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Before you tell yourself you’re not a morning person, hear us out.
Many of us are not morning people. We get it, waking up can be painful! What’s more, thinking about the realities we have to face each day can also make us cringe. But winning in the morning doesn’t mean you have to be a morning person.
A consistent daily Buddhist practice of chanting Nam-myoho-renge-kyo and reciting portions of the Lotus Sutra is how anyone can access the (much-needed) vitality to address each day with courage, wisdom and compassion.
Why is that? The Buddhist philosopher Daisaku Ikeda explains chanting in this accessible way:
Reciting the sutra is a daily activity in which we purify and prime our hearts and minds. In the morning, it is starting the engine for our day, like grooming ourselves before we set out for the day. Some people have powerful engines, and some have weak engines. The strength of the engine dramatically affects what we accomplish throughout the course of our lives. The difference can be enormous. Diligently applying ourselves in our daily practice of the sutra recitation boosts the power of our engine.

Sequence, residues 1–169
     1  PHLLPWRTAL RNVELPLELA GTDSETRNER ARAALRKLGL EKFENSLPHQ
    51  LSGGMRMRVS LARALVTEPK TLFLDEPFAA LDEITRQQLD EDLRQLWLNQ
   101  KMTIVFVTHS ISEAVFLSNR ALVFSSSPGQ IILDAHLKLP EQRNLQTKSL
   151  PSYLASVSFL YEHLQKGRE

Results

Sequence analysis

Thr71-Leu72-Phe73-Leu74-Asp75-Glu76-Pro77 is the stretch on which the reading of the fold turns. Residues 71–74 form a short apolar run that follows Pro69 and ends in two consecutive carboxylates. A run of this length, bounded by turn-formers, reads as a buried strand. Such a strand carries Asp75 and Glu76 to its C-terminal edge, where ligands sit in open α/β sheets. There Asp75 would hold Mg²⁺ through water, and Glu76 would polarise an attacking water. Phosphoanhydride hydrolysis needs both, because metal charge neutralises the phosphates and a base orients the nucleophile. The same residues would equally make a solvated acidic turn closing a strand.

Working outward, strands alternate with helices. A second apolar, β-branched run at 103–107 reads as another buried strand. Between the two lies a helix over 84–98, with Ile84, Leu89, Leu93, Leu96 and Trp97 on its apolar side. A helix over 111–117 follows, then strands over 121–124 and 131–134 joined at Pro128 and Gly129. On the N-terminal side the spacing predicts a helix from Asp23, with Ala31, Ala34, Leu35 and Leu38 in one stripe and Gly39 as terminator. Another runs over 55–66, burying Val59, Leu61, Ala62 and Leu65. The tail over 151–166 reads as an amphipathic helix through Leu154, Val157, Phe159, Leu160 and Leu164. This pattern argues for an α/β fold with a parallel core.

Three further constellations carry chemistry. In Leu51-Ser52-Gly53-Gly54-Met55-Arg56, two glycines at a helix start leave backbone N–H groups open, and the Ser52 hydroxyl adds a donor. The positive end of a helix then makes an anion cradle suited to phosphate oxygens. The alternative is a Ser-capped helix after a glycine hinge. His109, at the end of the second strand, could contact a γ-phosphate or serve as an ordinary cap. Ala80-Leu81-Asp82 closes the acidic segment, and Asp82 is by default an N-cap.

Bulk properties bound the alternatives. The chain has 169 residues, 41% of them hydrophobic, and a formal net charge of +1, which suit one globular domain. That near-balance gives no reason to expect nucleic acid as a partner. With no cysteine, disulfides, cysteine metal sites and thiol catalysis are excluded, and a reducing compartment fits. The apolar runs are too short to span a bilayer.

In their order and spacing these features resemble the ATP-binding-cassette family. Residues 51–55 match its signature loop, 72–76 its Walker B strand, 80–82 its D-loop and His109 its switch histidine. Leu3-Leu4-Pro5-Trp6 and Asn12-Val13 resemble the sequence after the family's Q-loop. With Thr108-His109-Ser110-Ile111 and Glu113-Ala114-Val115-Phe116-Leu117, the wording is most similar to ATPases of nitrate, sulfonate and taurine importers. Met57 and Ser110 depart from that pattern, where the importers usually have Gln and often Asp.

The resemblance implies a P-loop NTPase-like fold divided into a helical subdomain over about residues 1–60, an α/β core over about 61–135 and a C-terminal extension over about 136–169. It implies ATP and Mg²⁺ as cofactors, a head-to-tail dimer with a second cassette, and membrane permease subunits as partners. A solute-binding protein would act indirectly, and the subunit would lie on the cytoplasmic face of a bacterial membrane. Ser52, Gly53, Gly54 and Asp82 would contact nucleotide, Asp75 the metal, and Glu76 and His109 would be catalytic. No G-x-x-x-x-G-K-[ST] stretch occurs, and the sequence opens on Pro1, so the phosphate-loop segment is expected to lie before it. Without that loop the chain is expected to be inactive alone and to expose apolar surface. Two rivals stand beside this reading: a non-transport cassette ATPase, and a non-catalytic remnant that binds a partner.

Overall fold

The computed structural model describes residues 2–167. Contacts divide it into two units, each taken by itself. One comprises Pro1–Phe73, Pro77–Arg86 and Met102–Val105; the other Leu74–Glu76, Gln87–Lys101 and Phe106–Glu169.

Discussions on Youth, p. 215
Bottom line: when we chant Nam-myoho-renge-kyo each morning, we summon the courage from within to face anything.
The year is an accumulation of what we do each day, so if we try and win every day, then definitely, we can claim a victorious year.
How can we jumpstart the process?
Listen to our guest is Yoko Ambulo, of Chicago, who shares her journey of learning Buddhist lessons about what happiness actually is, what a winning daily rhythm looks like and why it’s so important to create an arena in which you give yourself a chance to win.